Birmingham VAMC and its nine community-based outpatient clinics (CBOCs) continue what has become a 19-year tradition of Thanksgiving. Over two weeks, nearly one-hundred Birmingham VAMC employees volunteered to coordinate the collection of non-perishable Thanksgiving theme food items for donation to a local mission known to support the greatest number of Veterans in the metro-Birmingham area.

An estimated 10-12 pallets of food, 1,500+ individual food items, (pictured above) filled the mission’s truck to the ceiling.

Another 15 VA Birmingham employees located at nine CBOCs throughout the northern half of Alabama also held Thanksgiving food drives, each collecting 3-4 shopping carts of food for donation to local charities.

Beckley VAMC, Mountaineer Food Bank, distribute food to Veterans for Thanksgiving

Man carrying frozen turkey



An ominous looking sky and freezing rain were no obstacles in a labor of love for the Mountaineer Food Bank and the Beckley VA Medical Center.

Hundreds of Veterans, their caregivers, and family members were lined up for the monthly food distribution, which occurs the third Thursday of every month at the Beckley VAMC. This month included additional food for Veterans in need of a Thanksgiving meal.

The Mountaineer Food Bank, which has partnered with the Beckley VAMC since the beginning of 2017 to provide the distribution, had the truck backed up to the parking garage. A well-organized effort to minimize the inconvenience and wait for Veterans was underway.

Crews work until 11:30 pm, back in at 4:00 am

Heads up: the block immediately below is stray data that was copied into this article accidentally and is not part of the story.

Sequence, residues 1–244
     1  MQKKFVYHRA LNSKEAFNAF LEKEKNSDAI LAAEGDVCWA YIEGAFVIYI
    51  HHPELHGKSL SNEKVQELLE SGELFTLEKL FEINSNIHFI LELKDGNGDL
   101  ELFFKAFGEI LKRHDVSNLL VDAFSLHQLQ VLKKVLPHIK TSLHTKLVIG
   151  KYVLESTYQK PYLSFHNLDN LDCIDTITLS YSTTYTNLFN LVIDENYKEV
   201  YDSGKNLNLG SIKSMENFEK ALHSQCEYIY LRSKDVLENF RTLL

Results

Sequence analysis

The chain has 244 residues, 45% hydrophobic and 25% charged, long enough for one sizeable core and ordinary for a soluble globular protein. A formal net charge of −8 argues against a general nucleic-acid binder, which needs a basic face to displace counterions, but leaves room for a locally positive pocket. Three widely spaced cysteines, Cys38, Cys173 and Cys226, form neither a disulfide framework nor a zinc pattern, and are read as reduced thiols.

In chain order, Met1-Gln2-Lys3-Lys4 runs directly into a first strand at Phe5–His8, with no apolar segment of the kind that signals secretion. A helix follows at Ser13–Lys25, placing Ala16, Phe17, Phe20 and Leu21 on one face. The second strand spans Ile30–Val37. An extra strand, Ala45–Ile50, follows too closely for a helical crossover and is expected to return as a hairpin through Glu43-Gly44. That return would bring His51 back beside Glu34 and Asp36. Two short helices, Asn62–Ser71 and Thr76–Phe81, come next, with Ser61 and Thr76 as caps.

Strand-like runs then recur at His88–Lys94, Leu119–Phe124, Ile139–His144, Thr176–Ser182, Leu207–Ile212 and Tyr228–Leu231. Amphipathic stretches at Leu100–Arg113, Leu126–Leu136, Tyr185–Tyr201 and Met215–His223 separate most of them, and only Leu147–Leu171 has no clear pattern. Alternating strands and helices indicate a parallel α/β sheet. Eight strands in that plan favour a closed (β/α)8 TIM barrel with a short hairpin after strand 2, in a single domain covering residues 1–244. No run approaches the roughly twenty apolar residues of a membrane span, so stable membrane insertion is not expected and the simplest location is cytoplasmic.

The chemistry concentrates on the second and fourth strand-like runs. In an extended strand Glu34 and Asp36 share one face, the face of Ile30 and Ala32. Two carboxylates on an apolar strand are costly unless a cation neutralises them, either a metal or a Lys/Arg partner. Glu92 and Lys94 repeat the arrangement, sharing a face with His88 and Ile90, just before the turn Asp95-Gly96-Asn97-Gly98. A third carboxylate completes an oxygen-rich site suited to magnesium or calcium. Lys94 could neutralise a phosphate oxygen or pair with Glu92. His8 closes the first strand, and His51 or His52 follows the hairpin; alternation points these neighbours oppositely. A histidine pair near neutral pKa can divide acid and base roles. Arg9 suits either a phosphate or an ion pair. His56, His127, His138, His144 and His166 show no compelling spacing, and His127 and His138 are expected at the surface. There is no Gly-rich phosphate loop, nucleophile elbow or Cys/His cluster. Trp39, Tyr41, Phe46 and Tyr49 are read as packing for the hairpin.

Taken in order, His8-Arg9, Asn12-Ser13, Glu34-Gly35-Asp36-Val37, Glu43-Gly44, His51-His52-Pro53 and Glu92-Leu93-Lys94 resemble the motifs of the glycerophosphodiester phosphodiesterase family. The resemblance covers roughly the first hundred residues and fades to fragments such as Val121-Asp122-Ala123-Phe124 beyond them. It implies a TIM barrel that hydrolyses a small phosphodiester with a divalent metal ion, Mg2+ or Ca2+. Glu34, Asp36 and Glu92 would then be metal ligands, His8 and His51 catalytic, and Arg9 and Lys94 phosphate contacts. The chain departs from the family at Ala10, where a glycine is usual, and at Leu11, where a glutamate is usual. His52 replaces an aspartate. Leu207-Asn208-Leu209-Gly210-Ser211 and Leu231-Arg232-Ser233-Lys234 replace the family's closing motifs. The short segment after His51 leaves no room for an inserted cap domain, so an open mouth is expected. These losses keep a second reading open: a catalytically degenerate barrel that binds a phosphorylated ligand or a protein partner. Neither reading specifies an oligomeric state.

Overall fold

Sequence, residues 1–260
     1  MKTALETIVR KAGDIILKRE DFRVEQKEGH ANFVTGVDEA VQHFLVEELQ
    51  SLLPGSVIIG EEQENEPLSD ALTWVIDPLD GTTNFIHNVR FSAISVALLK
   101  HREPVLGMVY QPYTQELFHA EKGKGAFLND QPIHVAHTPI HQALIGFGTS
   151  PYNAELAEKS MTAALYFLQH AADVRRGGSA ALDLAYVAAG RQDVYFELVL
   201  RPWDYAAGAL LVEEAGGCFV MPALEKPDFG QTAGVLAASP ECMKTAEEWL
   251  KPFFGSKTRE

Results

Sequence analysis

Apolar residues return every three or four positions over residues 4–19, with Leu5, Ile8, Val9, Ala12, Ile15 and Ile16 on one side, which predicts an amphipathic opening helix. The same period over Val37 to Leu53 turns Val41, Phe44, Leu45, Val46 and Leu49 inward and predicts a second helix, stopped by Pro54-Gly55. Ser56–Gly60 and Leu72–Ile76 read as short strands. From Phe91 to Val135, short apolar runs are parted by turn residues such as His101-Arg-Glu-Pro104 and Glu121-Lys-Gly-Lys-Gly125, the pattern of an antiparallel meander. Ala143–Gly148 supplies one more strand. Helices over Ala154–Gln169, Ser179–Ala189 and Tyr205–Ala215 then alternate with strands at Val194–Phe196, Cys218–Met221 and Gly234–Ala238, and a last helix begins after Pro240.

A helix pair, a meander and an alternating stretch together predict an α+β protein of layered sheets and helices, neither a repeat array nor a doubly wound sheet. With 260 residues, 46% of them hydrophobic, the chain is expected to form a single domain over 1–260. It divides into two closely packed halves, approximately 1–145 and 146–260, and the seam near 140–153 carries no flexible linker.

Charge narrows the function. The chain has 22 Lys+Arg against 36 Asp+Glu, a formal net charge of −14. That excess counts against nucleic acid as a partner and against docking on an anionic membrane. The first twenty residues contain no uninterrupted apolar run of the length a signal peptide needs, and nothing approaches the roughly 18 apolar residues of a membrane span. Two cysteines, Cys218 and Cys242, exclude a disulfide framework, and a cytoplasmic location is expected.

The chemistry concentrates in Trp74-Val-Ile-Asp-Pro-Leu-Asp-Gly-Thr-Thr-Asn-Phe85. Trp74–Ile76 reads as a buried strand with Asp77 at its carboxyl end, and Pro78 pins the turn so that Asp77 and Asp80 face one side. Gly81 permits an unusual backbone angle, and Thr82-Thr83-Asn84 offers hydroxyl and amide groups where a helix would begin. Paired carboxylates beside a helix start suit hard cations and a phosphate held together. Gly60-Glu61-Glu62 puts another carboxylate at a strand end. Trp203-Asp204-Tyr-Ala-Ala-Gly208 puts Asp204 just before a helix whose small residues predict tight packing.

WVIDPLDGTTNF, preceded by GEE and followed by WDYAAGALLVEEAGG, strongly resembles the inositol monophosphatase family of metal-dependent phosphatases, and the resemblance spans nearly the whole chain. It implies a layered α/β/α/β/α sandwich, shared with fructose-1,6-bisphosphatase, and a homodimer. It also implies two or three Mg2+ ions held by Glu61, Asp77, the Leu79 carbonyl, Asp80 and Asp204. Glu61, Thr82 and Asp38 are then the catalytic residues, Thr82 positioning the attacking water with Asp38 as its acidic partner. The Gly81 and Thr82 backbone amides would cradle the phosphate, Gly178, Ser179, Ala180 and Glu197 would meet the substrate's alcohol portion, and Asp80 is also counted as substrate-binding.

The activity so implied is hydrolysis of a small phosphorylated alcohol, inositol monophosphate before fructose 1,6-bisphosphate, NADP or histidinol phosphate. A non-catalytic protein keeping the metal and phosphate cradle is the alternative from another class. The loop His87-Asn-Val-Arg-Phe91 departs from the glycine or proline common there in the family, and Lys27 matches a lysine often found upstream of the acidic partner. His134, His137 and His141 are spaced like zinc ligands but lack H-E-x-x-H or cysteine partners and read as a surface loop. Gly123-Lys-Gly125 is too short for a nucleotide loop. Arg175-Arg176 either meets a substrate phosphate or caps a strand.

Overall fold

The food bank’s warehouse crew had stayed until 11:30 p.m. and came in at 4 a.m. the next day to ensure the food was ready for distribution. Between the Beckley VAMC and the Louis A. John VA Medical Center in Clarksburg, more than 425 turkeys were donated.

“Everyone got their regular monthly box of food, a turkey, and a bag of ‘fixin’s,’” said Vicki Cawthon, Veteran hunger coordinator for the Mountaineer Food Bank.

“This has been a labor-intensive endeavor. We had volunteers that came and packed the bags, we had volunteers that came to pack the boxes. Honestly, for us, it’s just our mission,” Cawthon said. “We’ve been here for over a year, but this was the first time we’ve done this at Thanksgiving. We were going to do it hell or high water.”

A food delivery truckThe additional Thanksgiving food was donated through private and corporate donations. Foodbank staff along with Beckley VAMC employees and volunteers loaded the boxes of food, along with the Thanksgiving bag and turkeys into vehicles.

In 2016 a partnership between the U.S. Department of Veterans Affairs and Feeding America, the nation’s largest hunger-relief organization was formed. More than 20 percent of the households supported by Feeding America has a member who has served or is currently serving in the U.S. military.

The Beckley VAMC and Mountaineer Food Bank is a successful example of this partnership. Thousands of meals have been distributed to Veterans in need since February 2017.

“There shouldn’t be a hungry Veteran. There shouldn’t even be a term in the English language of a ‘homeless Veteran,’” Cawthon said. “But as long as there are Veterans in need, the community will be here for them.”

Public Affairs OfficerJeffrey Hester is the Public Affairs Officer at the Birmingham VA Medical Center and Sara Yoke (no image available) is the Public Affairs Officer at the Beckley VA Medical Center and


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Published on Nov. 23, 2018

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